Medicine & Health

Neurophilosophy

Category archives for Medicine & Health

Wilder Penfield, Neural Cartographer

The patient lies on the operating table, with the right side of his body raised slightly. The anaesthetist sterilizes his scalp and injects it with Nupercaine to produce analgesia – the patient will remain fully conscious throughout the procedure. Behind the surgical drapes, three large incisions are made in his scalp. A large flap of…

Cutting out the stone of madness

At Bioephemera, Jessica has a fascinating post about depictions of madness in 15th-17th century art, during which time mental illness was popularly attributed to the presence of a “stone of madness” (or “stone of folly”) in the head. One of the earliest depictions of this is found in the above painting, Hieronymous Bosch’s The Cure…

Iron Lady’s brain is rusting

Former British Prime Minister Margaret Thatcher has dementia. In her forthcoming book, which is serialized in the Mail on Sunday (a paper which, I hasten to add, I do not read), Carol Thatcher reveals that her mother’s mental faculties have been in decline for the past 7 years: When she learned Latin at school, she…

Blood, guts & brains

The BBC has produced an interesting series called Blood and Guts about the modern history of surgery and the first episode, which is about neurosurgery, is now available online at the BBC iPlayer website. (For those outside the U.K., it is also available as a torrent.) Presented by surgeon Michael Mosley, the program begins with…

Stroke can be extremely debilitating, but if the damage is not too severe, and appropriate rehabilitation is administered, the brain can reorganize itself to compensate for the loss of function. This reorganization can occur because the brain remains ‘plastic’ throughout life; it leads to recovery, but can also have unexpected consequences. Something very unexpected happened…

Harvey Cushing photo journal

Harvey Cushing (1869-1939) is considered to be the father of modern neurological surgery. In the early part of the 20th century, he developed basic techniques and instruments for operating on the brain and, as a result, founded the discipline as a distinct surgical speciality. Before Cushing began his career, brain tumours were considered to be…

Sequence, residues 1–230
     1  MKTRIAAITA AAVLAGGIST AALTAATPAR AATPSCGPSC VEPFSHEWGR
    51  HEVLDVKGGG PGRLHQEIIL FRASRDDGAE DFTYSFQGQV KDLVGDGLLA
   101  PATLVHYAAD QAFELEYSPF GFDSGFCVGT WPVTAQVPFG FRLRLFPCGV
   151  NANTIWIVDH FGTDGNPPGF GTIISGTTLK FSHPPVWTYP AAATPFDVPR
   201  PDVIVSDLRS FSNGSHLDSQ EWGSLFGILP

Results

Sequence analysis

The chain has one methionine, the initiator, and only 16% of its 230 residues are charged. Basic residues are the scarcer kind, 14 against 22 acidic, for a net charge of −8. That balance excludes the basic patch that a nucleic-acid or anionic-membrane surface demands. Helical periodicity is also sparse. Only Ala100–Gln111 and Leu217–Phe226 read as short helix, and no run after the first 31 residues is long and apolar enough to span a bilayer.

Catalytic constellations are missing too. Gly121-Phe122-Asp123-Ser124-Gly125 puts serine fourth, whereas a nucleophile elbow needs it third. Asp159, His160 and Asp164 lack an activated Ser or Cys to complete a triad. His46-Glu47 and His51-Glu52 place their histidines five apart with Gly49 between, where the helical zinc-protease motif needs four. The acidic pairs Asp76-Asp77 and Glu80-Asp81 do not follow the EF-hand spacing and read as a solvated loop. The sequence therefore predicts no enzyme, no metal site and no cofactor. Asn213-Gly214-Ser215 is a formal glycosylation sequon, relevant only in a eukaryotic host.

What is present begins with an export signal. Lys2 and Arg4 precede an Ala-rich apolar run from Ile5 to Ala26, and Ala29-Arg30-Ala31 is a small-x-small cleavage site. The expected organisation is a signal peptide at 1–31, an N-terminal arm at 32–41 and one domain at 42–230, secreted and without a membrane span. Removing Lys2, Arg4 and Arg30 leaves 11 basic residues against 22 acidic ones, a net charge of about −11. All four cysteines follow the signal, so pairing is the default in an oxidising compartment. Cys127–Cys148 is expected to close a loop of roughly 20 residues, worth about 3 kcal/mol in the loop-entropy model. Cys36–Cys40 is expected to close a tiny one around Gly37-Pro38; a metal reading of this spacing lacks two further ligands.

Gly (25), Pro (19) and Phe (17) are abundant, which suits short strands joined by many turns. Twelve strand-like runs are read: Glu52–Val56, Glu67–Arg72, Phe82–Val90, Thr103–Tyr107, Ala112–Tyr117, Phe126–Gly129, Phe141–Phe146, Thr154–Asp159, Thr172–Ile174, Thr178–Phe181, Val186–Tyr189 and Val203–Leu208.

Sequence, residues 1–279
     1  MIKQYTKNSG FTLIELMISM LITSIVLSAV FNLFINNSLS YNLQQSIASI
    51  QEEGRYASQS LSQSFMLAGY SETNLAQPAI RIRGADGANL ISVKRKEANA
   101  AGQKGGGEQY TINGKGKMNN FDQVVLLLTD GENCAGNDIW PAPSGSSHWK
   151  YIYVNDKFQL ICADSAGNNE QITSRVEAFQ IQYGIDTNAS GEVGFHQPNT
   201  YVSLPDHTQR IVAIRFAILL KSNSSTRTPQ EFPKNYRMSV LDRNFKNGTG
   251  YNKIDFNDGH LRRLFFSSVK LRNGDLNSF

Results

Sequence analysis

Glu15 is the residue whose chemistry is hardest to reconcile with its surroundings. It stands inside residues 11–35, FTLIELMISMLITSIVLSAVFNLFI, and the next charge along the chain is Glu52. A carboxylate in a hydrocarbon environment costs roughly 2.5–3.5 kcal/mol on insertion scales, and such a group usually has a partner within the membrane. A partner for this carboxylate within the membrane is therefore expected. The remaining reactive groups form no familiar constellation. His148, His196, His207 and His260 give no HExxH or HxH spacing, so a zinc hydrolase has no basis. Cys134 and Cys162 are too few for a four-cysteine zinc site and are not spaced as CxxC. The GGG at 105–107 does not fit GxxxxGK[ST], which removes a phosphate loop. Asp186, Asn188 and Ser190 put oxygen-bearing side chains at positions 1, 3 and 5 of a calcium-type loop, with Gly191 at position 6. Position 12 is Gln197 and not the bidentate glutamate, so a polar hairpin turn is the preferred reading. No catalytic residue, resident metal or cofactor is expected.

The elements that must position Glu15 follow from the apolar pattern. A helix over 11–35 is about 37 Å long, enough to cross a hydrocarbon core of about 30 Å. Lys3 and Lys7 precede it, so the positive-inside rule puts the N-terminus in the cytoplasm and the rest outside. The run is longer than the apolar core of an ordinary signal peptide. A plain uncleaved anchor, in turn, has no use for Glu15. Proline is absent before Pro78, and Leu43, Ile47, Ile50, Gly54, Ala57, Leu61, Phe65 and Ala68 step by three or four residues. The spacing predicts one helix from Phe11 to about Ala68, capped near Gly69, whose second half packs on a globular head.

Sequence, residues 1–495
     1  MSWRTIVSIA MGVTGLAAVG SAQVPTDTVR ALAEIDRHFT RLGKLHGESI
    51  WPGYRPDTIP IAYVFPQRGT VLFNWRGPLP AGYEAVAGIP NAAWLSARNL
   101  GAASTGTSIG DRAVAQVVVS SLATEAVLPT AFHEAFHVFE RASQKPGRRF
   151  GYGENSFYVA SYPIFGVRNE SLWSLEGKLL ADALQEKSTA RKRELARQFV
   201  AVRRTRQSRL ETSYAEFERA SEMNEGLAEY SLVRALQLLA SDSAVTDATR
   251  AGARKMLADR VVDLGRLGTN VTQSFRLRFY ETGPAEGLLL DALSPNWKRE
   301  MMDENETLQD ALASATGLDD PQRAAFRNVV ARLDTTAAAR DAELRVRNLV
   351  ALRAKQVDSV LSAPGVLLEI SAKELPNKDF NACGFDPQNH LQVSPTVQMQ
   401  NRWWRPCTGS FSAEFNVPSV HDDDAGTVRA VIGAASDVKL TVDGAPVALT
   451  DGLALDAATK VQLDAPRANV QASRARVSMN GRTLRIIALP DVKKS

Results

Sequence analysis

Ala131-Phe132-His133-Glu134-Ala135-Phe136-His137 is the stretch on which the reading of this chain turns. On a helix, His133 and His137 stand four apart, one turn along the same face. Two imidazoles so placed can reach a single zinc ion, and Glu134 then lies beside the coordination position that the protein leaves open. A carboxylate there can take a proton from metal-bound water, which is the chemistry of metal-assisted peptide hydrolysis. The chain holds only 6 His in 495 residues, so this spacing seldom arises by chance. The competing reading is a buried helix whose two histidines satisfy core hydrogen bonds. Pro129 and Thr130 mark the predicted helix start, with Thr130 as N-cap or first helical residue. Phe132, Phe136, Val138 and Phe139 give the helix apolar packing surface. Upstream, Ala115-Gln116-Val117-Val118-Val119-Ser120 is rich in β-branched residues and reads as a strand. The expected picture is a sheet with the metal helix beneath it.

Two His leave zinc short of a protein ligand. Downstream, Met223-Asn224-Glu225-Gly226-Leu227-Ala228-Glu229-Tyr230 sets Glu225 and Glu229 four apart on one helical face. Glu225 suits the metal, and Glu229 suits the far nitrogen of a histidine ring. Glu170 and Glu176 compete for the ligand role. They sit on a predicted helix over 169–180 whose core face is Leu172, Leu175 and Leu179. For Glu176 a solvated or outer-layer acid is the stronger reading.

1960s Ritalin ad

This advertisement for Ritalin comes from a 1966 issue of the Journal of the American Medical Association (JAMA). Ritalin, or methylphenidate, is widely – and controversially – prescribed to children with attention deficit hyperactivity disorder. The drug is an amphetamine-like stimulant which blocks reuptake of the neurotransmitters dopamine and noradrenaline (norepinephrine) in the prefrontal cortex.…

The use of improvised explosive devices (IEDs, or roadside bombs) has led to an increase in the numbers of troops sustaining traumatic brain injury during military service in Afghanistan and Iraq. Such injuries are caused by the high pressure shock waves generated by the explosions, which cause rapid head movements, such that the brain is…

Lunch with Heather Perry

Last month, I travelled to Bristol to meet 37-year-old Heather Perry, one of a very small number of people to have voluntarily undergone trepanation for non-medical reasons. As we ate a pub lunch, I asked Heather about her experience. Below is a transcript of our conversation.

Depression is a common neuropsychiatric disorder which affects at least 1 in 7 adults. The condition can have a major effect on patients’ quality of life, and is a major cause of both disability and suicide. Many patients with depression can be treated effectively with antidepressant medications, such as the specific serotonin re-uptake inhibitor (SSRI)…